Exports to U.S. markets showing growth as economy slowly recovers.

Italian Tile Makers Go Retro With Green Style, Design

Exports to U.S. markets showing growth as economy slowly recovers.

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    Wearing its sustainability on its sleeve, this manufacturer now reuses 100% of its unfired waste, recycles it back into the manufacturing, and recycles 100% of its factories’ wastewater. The company’s products come in 167 colors and eight surfaces. In addition, 32 modular sizes are available. Street is shown here. www.cervogue.com

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    Ceramic that mimics wood may not be for everyone, but this design concept has been a winner for European manufacturers. This product, Greenwood collection by Cerim, calls to mind the rustic floors of old houses. It’s inspired by the wood processing method based on pickling and aniline dyes, the company says. The glazed porcelain stoneware is based on oak wood in five new colors. A variety of sizes are available. www.cerim.it/

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    Lines, a new collection by French designer Patrick Norguet, features distinctive graphics and lines created using advanced high-definition technology on Slimtech laminated tiles. Measuring only 3 millimeters thick, the product is lighter, which makes this tile product easier to transport as well as cheaper and easier to install. It can be used on closet doors, containers, doors, fireplaces, bathroom, and kitchen countertops. Six colors are available. www.ceramichelea.it.

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    Déchirer, which is designed by Patricia Urquiola, is an unglazed porcelain tile collection that is inspired by the nature of cement. It features patterns that suggest apparent traces of previous stratifications as well as different reliefs, levels, and textures, which results in a tile that begs to be touched. A wide variety of styles, sizes, and colors are available. www.mutina.it.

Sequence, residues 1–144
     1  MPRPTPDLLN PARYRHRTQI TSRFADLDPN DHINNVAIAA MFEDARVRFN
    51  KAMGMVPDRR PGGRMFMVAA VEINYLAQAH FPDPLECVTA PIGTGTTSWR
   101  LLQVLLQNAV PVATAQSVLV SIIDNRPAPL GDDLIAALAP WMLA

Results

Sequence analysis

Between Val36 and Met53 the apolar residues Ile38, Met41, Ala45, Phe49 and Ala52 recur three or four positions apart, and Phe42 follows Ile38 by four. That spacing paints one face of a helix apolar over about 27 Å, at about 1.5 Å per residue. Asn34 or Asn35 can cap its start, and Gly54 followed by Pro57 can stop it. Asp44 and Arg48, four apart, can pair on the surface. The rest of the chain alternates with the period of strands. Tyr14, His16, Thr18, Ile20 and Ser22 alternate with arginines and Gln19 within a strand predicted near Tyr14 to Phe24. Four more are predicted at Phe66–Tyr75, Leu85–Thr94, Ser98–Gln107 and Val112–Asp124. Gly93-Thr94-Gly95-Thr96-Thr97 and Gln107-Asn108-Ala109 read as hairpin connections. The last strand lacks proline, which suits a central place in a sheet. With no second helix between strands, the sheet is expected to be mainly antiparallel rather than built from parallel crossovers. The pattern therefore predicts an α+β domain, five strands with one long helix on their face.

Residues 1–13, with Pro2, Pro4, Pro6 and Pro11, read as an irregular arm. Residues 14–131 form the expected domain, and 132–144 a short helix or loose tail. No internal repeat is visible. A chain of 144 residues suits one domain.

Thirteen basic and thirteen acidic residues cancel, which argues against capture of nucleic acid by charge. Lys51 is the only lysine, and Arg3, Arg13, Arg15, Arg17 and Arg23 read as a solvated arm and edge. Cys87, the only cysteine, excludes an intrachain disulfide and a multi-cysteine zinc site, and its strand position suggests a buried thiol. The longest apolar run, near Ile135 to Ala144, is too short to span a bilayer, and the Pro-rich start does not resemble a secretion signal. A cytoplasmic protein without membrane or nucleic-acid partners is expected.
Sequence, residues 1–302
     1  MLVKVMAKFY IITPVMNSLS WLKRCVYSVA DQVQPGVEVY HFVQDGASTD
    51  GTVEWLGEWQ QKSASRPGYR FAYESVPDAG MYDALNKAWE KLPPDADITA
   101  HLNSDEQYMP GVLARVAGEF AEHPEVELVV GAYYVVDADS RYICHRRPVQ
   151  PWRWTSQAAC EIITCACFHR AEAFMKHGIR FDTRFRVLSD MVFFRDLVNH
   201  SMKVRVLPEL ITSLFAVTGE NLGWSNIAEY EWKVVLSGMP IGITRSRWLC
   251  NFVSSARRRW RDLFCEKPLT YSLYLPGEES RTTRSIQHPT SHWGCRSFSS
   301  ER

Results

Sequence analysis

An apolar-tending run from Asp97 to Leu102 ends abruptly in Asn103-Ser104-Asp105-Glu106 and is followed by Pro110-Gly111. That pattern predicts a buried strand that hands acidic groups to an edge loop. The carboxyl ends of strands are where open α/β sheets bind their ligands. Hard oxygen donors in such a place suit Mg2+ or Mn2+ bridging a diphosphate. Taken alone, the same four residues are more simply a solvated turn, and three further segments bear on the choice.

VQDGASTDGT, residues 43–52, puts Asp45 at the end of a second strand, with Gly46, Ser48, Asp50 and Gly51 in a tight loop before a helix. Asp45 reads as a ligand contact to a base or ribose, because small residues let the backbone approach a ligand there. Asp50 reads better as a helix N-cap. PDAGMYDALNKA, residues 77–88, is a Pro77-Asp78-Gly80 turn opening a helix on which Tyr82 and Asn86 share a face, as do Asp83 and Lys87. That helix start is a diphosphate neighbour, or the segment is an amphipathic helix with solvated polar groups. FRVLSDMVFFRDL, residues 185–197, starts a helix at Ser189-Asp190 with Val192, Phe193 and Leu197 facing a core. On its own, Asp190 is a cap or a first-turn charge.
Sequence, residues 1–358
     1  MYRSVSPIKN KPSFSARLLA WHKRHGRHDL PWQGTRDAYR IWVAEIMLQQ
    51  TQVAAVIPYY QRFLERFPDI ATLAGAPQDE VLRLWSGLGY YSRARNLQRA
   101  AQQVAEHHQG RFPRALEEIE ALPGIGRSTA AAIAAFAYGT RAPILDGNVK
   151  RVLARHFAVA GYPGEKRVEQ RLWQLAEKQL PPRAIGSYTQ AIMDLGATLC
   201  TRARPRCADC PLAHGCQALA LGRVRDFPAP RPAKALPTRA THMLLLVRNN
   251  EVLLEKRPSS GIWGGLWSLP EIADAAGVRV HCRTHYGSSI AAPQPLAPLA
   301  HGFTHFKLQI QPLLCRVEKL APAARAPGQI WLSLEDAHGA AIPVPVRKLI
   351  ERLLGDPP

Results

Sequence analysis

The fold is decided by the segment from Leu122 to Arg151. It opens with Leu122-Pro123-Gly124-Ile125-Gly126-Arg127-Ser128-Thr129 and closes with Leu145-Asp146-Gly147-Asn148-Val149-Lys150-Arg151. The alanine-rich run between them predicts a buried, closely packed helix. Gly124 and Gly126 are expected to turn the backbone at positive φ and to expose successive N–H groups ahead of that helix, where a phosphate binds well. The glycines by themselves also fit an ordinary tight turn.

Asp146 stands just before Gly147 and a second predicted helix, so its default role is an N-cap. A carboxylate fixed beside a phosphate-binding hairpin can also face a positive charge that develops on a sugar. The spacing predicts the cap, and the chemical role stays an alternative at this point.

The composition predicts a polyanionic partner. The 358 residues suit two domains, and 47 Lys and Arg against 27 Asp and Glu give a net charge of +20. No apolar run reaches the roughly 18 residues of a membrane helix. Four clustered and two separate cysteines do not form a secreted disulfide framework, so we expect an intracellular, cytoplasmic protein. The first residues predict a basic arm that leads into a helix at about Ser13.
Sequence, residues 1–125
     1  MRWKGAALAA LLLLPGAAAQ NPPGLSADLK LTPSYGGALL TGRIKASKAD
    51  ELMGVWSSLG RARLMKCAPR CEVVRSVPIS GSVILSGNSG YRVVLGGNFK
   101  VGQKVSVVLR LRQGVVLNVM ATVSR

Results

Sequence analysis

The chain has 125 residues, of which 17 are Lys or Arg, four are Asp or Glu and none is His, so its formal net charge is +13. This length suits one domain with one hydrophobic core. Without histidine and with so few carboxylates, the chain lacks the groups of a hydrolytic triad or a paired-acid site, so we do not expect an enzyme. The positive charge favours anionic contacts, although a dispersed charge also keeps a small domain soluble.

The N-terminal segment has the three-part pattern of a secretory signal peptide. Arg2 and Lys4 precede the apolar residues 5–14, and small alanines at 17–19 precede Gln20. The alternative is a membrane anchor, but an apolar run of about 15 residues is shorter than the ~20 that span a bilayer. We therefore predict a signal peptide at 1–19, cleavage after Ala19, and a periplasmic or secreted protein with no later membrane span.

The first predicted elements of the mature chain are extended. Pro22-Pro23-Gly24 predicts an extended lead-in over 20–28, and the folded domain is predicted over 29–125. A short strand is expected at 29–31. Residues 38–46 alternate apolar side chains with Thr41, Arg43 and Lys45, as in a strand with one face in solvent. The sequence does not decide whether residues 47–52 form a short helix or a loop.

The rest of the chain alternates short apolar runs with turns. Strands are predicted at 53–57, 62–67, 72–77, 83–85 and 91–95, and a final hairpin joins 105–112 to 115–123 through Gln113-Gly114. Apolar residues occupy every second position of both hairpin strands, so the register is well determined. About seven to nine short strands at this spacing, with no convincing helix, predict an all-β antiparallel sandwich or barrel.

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    As its name—Kaos—suggests, this product by Luca Nichetto means complete disorder and potential infinitesimal possibilities of creation, the company says. Combining texture and color, the line’s graphic is expressed with various traces: decors in relief, rotocolor printing, and digital printing arranged in layers on the tile. The surface is dynamic and never the same, changing depending on the point of view. A variety of colors and sizes are available. www.refin.it/en/

Bologna, Italy—As design professionals and the tile industry gathered at the international ceramic tile and bathroom fixture show this week, the mood was decidedly upbeat. Why? Italian manufacturers have started to see some economic improvement around the globe as well as in the United States, which is one of Italy's most important markets.

“On the basis of the figures gathered in the first half of the year, we are expecting to report overall sector growth at the end of the year of between 2.5% and 3.5%,” Confindustria Ceramica Chairman Franco Manfredini said at a press conference this week. “A key role will be played by exports with expected growth of between 3% and 4.5%, corresponding to an increase in turnover of around 4.7 billion euros in 2010. This recovery reflects the improvement in the international economic situation and demonstrates that the downturn reported by the Italian ceramic industry in 2009 was not caused by a lack of competitiveness, but was a direct result of the financial crisis.”

Cersaie, the international exhibition of ceramic tile and bathroom furnishings, is considered one of the tile industry’s most important shows. (The other is Cevisama in Spain). Held this year from Sept. 28 to Oct. 2, 2010, Cersaie is expected to host more than 90,000 attendees who come to see the the latest products that will be hitting design showrooms across North America this year or next.

Like other nations, Italy, which exports about 70% of its products, saw slowed growth as the global recession hampered demand for and sales of its products. But now with renewed confidence that good times are ahead, the country’s manufacturers are expressing renewed optimism with a bold looks, radical new textures, recycled-content products, and innovative offerings that incorporate features such as solar technology.

“On the style front, interesting cutouts, lace, oversized flowers, skinny stripes, and mid-century modern will make their way to the tile runway,” says a trend report from Novita Communications, the Italian tile industry’s PR representative in the United States. “In line with the times, visitors can expect to see a bounty of organic influences ranging from rustic wood looks to natural stone. And who can forget about green design and technological innovation? New slim formats are guaranteed to make a big impact on the A&D community.”

Nigel Maynard is senior editor, products, at BUILDER magazine.